With tensions heating up along the Nile Basin as Ethiopia presses forward on its plans to build a $4.2 billion hydroelectric dam on the Blue Nile, Egypt’s government is undertaking an international diplomatic offensive aimed at thwarting this effort. Cairo sees the Renaissance Dam project as a serious threat to its national security and though other political issues in Egypt have dominated international attention, the standoff with Ethiopia over the dam issue has continued to escalate behind the scenes.
Earlier this week, Egyptian Foreign Minister Nabil Fahmy met with Tanzanian President Jakaya Kikwete to discuss the brewing crisis around the project. An Egyptian foreign ministry spokesperson was later quoted by Al-Ahram saying that the response from Kikwete was positive and the leader “was understanding on the situation and stressed that no country should suffer or be harmed from the consequences of the Renaissance Dam.” Fahmy also took care to address Egypt’s relationship with the African Union, from which it has been suspended since the military coup against Mohammed Morsi last July— an issue which has only exacerbated the distinct geopolitical disadvantage Egypt has come up against following decades of neglect of African regional affairs by Cairo
Cairo’s diminished position in the face of continuing construction on the project should explain the robust efforts the government has taken to lobby members of the Supreme Committee for the Nile Waters which includes representatives from all Nile River Basin stakeholders. This strategy of engagement is a distinct departure from the overt entitlement and intransigence shown by Cairo on the issue at earlier stages in the standoff. Egypt’s government appears to have finally realized that the aura of entitlement it projected regarding the Nile — rooted as it is in colonial-era laws — was not endearing it to the African nations that helped to empower Ethiopia in its plans.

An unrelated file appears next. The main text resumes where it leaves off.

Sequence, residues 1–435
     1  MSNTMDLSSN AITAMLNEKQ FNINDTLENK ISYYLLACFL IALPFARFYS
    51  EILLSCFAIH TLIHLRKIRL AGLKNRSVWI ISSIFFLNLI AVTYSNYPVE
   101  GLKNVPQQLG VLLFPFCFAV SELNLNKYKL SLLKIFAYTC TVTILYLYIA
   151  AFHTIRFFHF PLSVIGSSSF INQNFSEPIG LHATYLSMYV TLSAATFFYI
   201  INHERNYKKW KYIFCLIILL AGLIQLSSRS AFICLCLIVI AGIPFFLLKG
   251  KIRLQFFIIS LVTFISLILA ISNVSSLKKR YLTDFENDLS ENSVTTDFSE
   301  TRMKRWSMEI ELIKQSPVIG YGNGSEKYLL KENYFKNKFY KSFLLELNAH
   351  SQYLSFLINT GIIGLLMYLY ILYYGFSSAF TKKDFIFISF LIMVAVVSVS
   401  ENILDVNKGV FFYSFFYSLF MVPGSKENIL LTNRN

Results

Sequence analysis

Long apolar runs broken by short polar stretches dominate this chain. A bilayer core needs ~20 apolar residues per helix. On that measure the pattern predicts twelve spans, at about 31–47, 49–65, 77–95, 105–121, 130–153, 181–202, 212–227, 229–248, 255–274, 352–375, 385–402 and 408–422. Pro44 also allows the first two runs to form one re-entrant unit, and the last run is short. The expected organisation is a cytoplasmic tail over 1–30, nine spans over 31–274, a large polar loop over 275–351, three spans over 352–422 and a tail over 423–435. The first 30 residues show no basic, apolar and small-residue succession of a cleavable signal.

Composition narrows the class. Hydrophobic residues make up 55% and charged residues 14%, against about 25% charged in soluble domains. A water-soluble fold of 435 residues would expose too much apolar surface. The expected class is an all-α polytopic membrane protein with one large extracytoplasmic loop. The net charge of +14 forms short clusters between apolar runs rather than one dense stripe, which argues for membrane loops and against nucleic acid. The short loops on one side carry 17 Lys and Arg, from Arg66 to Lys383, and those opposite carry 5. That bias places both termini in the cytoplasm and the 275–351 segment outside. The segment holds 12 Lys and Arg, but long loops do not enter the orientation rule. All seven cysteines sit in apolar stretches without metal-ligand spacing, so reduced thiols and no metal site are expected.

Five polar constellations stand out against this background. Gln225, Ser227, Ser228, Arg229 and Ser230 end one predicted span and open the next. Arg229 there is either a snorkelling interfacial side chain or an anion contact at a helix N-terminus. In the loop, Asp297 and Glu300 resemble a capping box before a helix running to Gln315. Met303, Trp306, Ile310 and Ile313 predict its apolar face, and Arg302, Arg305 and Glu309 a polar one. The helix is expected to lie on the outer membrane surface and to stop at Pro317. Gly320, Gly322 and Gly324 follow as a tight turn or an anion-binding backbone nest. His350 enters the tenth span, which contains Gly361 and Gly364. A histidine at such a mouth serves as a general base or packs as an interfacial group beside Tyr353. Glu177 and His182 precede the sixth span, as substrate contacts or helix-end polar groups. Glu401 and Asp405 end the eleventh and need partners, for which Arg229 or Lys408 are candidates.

Giving the appearance of making nice with African stakeholders isn’t Egypt’s only plan, though. According to Al-Monitor, Egyptian officials have also been meeting with the European countries helping to finance and develop the dam project in order to make their case and will also embark on even broader campaigning efforts:
Muttalib stated there are a number of scenarios that the Egyptian government has agreed to implement in order to deal with the Ethiopian Renaissance Dam crisis. Among them is an effort to raise awareness in the world regarding the truth of Egypt’s position toward development of the Nile River Basin, which he insists is not opposed to development in the countries of the basin, contrary to the version of events Ethiopia propounds.
In short, look for Egypt to attempt a slightly more savvy approach to its international PR on the sensitive issue. The country should, however, be prepared if the international goodwill it is looking to harness does not come gushing forth. After all, there are consequences to a flagrant disregard for international opinion — something Egypt has grown over-confident about indulging in since the July coup.